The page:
MATLAB and Simulink Help Land Unpiloted Boeing Spacecraft

"I am very pleased with the results of this flight test. It is a significant step in the development phase."


Design a guidance, navigation, and control system that could land an unpowered, unpiloted, reusable spacecraft on a standard runway


Design, test, and automatically generate code for the GN&C system using tools from MathWorks


  • Rapid development within budget
  • A successful test flight
  • A contract to continue development

At Holloman Air Force Base, New Mexico, Boeing and the U.S. Air Force conducted a successful first test flight of the X-40A Space Maneuver Vehicle (SMV). "We wanted to validate low-speed handling qualities and demonstrate autonomous approach and landing capability," said John Fuller, Boeing Phantom Works SMV project manager. "We did that today."

The X-40A is a 90% scale reusable experimental space vehicle, a prototype for a new generation of highly maneuverable spacecraft that will perform tasks such as satellite deployments, surveillance, logistics, and Space Station support.

Key to the success of the X-40A was a guidance, navigation, and control (GN&C) system designed and modeled using tools from MathWorks.


A small group of engineers at Boeing was tasked with designing a GN&C system that would allow the X-40A to land and come to a full stop on a standard runway without either power or a pilot. The project had to be completed within strict time, funding, and resource limits. The software needed to be reusable in operational SMVs.

The X-40A has a 22-foot-long fuselage, a 12-foot wingspan, and a weight of about 2600 pounds. It is guided by the control surfaces on the wings, which perform roll and braking functionality, and those on the tail, which control pitch and yaw. There is no propulsion system, and the vehicle must be lifted to its maneuvering position.

The team needed to develop, model, and simulate flight-control laws for the X-40A and then test them in real-life drop tests. The flight-control laws needed to be flexible enough to adjust to any changes made to the vehicle’s design during the development cycle. Lateral and directional control laws had to provide feedback for the roll and yaw rates that would permit the bank-to-turn command for runway centerline steering. The longitudinal control laws had to provide feedback for the pitch rates that would enable the command for flight path tracking.

This project also involved prototyping software for avionics, sensors, actuators, and controllers and validating the software development metrics and processes.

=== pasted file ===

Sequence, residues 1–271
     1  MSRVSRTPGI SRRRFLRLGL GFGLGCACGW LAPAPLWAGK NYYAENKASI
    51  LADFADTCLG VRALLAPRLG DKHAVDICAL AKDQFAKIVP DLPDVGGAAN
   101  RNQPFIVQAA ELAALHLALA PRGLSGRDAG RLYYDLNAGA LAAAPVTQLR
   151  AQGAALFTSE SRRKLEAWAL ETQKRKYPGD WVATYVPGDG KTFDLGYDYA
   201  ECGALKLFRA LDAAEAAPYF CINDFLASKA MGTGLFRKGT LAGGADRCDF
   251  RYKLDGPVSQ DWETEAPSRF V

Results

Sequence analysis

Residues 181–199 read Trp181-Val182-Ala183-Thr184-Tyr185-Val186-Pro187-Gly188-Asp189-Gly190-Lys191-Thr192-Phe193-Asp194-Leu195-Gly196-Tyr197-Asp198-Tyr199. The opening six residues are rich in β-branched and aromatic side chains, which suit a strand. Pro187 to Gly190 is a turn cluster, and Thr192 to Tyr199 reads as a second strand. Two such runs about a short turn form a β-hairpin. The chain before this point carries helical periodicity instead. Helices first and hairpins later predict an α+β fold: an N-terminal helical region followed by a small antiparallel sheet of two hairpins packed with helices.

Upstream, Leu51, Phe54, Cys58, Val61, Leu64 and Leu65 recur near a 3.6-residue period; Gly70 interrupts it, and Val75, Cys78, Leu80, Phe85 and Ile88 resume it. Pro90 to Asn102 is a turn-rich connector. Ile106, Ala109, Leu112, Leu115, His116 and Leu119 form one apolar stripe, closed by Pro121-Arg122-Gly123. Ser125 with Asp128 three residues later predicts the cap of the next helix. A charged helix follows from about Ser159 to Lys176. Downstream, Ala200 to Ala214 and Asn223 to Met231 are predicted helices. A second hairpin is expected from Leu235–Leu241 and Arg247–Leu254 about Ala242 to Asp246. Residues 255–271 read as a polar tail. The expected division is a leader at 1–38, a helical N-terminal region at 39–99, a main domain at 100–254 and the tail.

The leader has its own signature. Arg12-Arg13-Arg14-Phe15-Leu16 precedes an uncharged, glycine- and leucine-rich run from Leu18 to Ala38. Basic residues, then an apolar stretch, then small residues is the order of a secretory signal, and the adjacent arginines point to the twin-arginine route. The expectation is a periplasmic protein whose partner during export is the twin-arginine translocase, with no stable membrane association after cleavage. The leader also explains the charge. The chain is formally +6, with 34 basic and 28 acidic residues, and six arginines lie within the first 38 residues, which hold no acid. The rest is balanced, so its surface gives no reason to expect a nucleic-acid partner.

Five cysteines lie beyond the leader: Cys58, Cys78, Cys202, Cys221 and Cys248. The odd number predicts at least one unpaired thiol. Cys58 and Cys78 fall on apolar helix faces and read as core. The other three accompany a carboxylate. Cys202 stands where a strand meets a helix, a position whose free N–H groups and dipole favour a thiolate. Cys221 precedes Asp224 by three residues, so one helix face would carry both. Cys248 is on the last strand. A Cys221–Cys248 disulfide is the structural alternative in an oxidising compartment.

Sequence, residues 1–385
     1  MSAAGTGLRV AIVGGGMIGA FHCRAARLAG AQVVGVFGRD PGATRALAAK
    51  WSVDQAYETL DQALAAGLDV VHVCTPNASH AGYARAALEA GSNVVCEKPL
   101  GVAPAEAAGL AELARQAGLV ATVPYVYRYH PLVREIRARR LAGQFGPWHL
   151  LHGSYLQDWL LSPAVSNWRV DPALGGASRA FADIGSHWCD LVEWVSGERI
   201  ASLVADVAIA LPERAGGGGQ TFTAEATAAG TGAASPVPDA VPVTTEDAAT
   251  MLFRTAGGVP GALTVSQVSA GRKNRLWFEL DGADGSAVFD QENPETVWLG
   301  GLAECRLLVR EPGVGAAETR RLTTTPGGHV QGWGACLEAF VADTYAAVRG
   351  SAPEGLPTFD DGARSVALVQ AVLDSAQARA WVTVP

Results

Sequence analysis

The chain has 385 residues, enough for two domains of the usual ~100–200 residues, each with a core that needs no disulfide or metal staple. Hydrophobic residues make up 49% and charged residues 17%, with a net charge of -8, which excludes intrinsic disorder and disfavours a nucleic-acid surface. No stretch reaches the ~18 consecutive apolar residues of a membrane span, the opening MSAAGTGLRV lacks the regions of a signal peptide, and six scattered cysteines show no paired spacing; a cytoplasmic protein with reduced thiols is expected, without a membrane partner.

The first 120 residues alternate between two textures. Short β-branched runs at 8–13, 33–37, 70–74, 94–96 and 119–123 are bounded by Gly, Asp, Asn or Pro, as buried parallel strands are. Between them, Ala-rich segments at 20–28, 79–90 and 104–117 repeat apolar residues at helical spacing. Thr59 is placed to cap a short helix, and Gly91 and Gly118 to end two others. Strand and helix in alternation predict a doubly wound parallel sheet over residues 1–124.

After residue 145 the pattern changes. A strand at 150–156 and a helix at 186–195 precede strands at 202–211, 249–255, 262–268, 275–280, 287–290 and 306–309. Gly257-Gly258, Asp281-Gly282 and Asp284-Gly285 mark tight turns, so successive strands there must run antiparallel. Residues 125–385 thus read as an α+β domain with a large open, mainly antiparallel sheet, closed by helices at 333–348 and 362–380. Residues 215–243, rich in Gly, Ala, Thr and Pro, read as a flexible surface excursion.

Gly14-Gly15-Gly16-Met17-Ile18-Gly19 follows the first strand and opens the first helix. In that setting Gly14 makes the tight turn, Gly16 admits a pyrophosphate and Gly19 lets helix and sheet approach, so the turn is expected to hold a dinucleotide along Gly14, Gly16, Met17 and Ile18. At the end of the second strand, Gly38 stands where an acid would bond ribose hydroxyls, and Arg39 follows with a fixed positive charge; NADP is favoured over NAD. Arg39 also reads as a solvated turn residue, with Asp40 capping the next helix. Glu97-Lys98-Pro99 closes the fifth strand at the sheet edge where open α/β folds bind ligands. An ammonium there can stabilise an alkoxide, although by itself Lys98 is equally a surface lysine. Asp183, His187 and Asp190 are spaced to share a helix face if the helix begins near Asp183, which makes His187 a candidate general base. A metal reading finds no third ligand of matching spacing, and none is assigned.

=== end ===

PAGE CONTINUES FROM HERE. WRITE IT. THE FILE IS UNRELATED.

The Boeing team chose MATLAB®, Simulink®, Simulink Coder™, Control System Toolbox™, Robust Control Toolbox™, Statistics and Machine Learning Toolbox™, and Simulink Design Optimization™. They knew that these products would streamline software implementation, shorten the design-to-software-to-verification cycle, and enable them to make late changes as the vehicle’s design matured.

The engineers used Simulink and the MATLAB toolboxes to create, block-­diagram, and simulation-test the flight-control laws. Simulink Coder was used to automatically generate C code for the GN&C system. They then modified an independent Fortran simulation of the Space Shuttle autoland algorithm to fit the X-40A configuration. Finally, they validated the C and Fortran codes against each other until the results matched identically.

In the model analysis phase, the team used MATLAB and the Monte Carlo simulation technique to test the GN&C code. They also used MATLAB and Statistics and Machine Learning Toolbox to develop a tool to process and analyze the Monte Carlo data.

The X-40A was tested in three phases: ground testing, to check subsystems and verify and refine models; captive flight testing, to check dynamic sensors, verify tow stability, and collect pressure data; and free-flight testing. The engineers refined the Simulink models during the first two tests. Then they used MATLAB and the toolboxes to analyze the test data in preparation for free-flight testing.

The initial implementation of the GN&C took six weeks—two weeks for the Simulink modeling and four weeks for the unit testing. Each subsequent update, including verification and analysis, took one week.


  • Rapid development within budget. The GN&C system was completed on schedule and in accordance with Boeing’s mandate to demonstrate low cost and rapid development.

  • A successful test flight. A U.S. Army UH-60 Black Hawk helicopter took the X-40A to an altitude of 9,000 feet to initiate free-flight testing of the GN&C system. Upon release, the flight-control system took over and smoothly and accurately guided the vehicle to a runway landing.

  • A contract to continue development. The success of the GN&C software helped Boeing win a contract to develop an unpiloted, autonomously operated space plane that is capable of reaching speeds of up to Mach 25 while demonstrating aircraft-like operations.